Disc manufacturers, equipment makers and resin suppliers are moving forward with two different optical media formats, without knowing which might achieve consumer acceptance.
Each camp backing one of two emerging formats seems passionate about its product, but that internal division is likely to cause confusion for consumers and slow the adoption cycle, said Frank LoVerme, vice president of sales and business developments with Deluxe Media Services Inc. in Burbank, Calif.
Service providers usually compete. But, said LoVerme, ``We do cooperate in matters such as this because it is important for us to protect what is a $26 billion [DVD] business [that] is projected to grow to something like $40 million by 2009.
``A lot of other distributors of content - television and satellite - would like to take a piece of that business,'' he said. ``It is incumbent on us to work together toward the launch of [high definition].''
Of the formats, LoVerme's firm, Deluxe, favors the Toshiba-backed HD DVD over its competition, the Sony-supported Blu-ray Disc.
``From a technical perspective, on at least the replicator's side, there are a lot of unanswered questions,'' said Dale Butrymowicz, vice president at equipment maker Singulus Technologies AG's Windsor, Conn., subsidiary. ``We are not getting clear indications from our customers.''
The executives were part of a panel that discussed the issue of optical disc formats at the Entertainment Media Expo, held Aug. 30-31 in Hollywood.
Cinram International Inc.'s Bill Mueller said combining Blu-ray Disc and HD DVD technologies is unlikely.
``From a physical standpoint, it is very difficult to adapt this hybrid,'' said Mueller, executive vice president of Cinram's U.S. operations in Nashville, Tenn. A Cinram pilot lab has tested both processes for more than three months.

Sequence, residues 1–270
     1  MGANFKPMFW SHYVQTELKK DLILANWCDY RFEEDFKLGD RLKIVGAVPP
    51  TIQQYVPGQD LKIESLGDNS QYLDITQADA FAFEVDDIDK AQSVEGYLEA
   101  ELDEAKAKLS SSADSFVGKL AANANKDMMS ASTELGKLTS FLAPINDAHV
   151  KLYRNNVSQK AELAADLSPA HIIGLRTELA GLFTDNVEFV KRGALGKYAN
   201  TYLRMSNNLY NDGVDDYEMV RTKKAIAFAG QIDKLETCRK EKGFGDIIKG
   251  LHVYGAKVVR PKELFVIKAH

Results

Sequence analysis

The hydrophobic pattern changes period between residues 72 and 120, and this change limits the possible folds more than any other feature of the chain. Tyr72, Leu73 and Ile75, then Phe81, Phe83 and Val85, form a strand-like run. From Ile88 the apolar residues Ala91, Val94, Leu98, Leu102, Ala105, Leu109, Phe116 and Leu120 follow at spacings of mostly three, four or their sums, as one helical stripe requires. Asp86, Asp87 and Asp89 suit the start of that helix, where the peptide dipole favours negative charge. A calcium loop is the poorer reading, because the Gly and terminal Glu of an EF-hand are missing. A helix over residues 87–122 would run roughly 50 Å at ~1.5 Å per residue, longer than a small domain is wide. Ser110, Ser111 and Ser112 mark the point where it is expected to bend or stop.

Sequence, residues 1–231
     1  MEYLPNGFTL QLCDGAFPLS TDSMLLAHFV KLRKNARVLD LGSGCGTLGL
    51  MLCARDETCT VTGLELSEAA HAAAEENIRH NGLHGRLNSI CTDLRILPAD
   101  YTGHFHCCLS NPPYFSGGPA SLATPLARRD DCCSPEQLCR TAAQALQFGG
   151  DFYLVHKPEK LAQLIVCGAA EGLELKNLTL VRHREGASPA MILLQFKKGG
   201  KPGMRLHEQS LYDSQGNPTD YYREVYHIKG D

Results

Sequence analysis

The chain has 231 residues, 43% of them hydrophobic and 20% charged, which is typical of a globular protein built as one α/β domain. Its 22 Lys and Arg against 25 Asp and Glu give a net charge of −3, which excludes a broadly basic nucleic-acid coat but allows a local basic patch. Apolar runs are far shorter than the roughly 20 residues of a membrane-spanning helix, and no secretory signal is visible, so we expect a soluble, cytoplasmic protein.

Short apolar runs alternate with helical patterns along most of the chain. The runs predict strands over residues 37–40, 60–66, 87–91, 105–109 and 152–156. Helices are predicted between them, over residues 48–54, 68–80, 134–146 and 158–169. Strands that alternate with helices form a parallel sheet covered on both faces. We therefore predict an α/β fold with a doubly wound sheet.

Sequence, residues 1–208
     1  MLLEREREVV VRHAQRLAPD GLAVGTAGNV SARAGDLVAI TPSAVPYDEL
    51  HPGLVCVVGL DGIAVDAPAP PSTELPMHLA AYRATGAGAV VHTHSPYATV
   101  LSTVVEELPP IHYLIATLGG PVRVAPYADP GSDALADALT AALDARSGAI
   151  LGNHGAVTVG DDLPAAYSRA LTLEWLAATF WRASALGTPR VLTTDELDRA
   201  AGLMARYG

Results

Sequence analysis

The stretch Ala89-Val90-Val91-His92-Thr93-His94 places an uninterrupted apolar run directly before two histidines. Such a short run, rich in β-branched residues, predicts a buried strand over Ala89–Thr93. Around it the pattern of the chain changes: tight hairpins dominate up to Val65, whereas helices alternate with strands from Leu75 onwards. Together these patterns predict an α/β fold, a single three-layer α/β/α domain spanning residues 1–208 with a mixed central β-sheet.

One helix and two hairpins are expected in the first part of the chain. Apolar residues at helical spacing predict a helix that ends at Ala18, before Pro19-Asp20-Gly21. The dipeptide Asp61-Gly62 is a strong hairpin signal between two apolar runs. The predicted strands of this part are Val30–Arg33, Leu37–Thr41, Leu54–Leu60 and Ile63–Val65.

News reports about the emerging formats are generating public expectations, but any compromise would be risky, said James Streynor, chairman and chief executive officer with test equipment maker Datarius Technologies Ltd. in Mitcheldean, England. The concept of a hybrid consumer player for Blu-ray and HD is ``challenging but not possible,'' he said.
LoVerme said meeting the needs of content holders is important but he sees a fiscal challenge. Butrymowicz said Singulus already is feeling pressures to lower new equipment prices.
``We are spending a lot of money on some development tools that are not commercially available,'' LoVerme said.
And disc manufacturers already have concerns about first-generation equipment becoming quickly obsolete.
``That is something at the back of everyone's mind,'' Mueller said. ``Will these first-generation systems accommodate to the rate of change,'' in which ``a six-second machine becomes a five-second machine becomes a four-second machine?''
The panel discussed other possible problems that could arise with the new technology. LoVerme said multiple formats would make returns a big issue, and Mueller agreed, noting that distribution facilities would need to manage more variations of stock-keeping units.
Mueller said theft will rise as a result of higher prices, with packages retailing for $30-$35.
``Maybe 5 percent are stolen now,'' he said. ``It will be higher on more pricey products.''